So, anytime I pause that twirl effect will continue, so I can create these little spiral twirl areas within the image. We can also work on selective areas of the photo if we'd like to. I'm going to click the Restore All button over on the right hand side, so that we can reset the image here, and then I'll choose the Freeze Mask button from the toolbar. And this allows me to freeze specific areas of the image. In other words, to have them not be affected by the various warping tools. I'll just paint an area here for example, and then I'll select the Warp tool for example, and just paint across the image, and so we see that warping effect.
But when I paint across the area that's been frozen, you'll see that we don't get any effect in that portion of the image. So, we're able to protect specific areas of the image. Such as protecting a key subject if we'd like to while impacting any other areas that are not protected. The Fall Mask button is essentially an eraser for that masking. And so I can erase portions of areas that I had protected in order to enable the warping of those areas. I'll go ahead and paint across this image, now and you can see the areas covered with red.
The areas that are masked are not being affected whereas any areas not covered with that red mask are being affected. If you'd like to get a sense of what's going on in the image, you can also turn on a Mesh, and that shows us a grid pattern that indicates the shape of the warp that we're applying to our photo. So, that can sometimes be interesting. We can also reveal the underlying image. If we turn on Show Backdrop, we can adjust the Opacity, revealing the original image in place of the warped image. But of course we can also adjust the Opacity of the background copy layer that we're working on after we're finished with the Liquify filter.
I'll go ahead and turn off that Mesh. There are some other options available here, for example, the ability to save a mesh, and then load that mesh for another image. But generally speaking I'll just work with the various Warp tools on the toolbar. I do tend to leave the Advance Mode check box turned on, so that I have access to that Twirl tool, just in case I want that. I'll go ahead and click Restore All in order to get back to the original image, and I'll also click the None option for Mask to get rid of the Mask. Then I'll zoom out on the image, and I'll just paint a few sweeps of the Warp tool here just to kind of add an interesting element to the photo.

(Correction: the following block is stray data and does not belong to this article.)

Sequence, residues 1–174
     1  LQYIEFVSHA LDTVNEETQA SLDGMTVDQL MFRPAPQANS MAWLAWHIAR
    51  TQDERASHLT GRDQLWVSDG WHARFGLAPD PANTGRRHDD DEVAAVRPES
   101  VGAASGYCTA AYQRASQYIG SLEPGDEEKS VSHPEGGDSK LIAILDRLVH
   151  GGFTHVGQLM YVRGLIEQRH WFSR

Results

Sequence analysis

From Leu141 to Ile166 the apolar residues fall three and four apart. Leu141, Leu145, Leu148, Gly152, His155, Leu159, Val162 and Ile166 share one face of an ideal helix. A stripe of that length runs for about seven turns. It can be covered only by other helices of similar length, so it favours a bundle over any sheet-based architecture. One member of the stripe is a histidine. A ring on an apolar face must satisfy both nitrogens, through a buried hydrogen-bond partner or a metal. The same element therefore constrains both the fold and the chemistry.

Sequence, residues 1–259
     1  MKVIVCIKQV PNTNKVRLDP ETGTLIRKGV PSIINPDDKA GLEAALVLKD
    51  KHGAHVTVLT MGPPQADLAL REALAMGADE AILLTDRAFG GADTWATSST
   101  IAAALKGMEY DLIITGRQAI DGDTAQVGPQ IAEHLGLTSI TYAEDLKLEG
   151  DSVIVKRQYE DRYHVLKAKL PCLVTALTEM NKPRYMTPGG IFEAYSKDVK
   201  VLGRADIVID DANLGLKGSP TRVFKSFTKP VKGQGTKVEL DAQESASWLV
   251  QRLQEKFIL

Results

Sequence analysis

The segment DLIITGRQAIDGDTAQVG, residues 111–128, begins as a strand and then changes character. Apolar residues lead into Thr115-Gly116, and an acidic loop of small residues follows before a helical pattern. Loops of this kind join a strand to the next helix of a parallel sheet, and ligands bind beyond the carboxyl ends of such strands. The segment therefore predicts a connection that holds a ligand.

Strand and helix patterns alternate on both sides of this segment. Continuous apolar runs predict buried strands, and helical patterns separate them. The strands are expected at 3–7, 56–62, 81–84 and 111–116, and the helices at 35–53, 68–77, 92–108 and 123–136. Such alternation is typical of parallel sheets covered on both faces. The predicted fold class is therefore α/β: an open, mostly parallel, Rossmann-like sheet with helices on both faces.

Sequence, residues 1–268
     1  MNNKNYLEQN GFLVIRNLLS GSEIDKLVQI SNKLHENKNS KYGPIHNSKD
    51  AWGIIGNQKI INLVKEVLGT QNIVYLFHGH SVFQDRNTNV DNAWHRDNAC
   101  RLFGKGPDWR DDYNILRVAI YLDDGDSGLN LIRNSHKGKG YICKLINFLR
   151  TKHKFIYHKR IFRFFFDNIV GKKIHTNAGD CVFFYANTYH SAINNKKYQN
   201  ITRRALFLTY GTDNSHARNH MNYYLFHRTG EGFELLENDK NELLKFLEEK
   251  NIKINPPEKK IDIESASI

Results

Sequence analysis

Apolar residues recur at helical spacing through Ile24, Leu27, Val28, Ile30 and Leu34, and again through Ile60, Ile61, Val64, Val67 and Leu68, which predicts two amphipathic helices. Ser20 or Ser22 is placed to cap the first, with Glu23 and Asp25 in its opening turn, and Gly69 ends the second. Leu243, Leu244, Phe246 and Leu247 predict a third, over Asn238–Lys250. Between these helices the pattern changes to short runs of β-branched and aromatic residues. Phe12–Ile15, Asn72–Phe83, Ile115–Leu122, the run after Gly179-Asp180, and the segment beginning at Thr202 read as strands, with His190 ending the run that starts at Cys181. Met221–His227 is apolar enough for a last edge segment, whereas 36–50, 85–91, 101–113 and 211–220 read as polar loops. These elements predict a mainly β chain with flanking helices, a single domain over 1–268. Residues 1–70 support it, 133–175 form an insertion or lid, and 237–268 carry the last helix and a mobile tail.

And maybe I'll add a few twirls here and there for areas that don't have quite as much texture. Mostly, to be honest, I'm just having a little bit of fun at the moment, but that's half the idea of the Liquify filter, I think, is just having fun, creating interesting effects for the image. But any time, if you decide that you're not happy with a particular effect that you've painted into the image, you can also use the Reconstruct tool. This essentially erases the effect, so if I decide that these little twirls are not all that interesting, I can simply paint over those areas.
And the effect, once again, builds up over time. So, I need to paint over the area for a duration of time in order to eliminate the entire effect. But that also means that I can just tone down the effect a little bit if I want to. Just by painting for a very short duration in a particular area for example. So, you can see there are all sorts of possibilities for liquefying your image and warping various areas of it to create interesting textures and patterns. I tend to use this filter when I'm working with an image that simply has a pattern, a texture to it. Rather than a photograph of an actual subject but, that said you can certainly put this tool to use in a variety of different photographs. It can be a lot of fun to play with and I think it's definitely one of those filters where experimentation can certainly pay off. And of course, once you're happy with the result, you can click the OK button in order to finalize that effect.
And as I mentioned, you can also reduce the Opacity for the background copy layer to blend the Liquify version with the original image, and apply all sorts of other adjustments and filters as well, if you'd like to.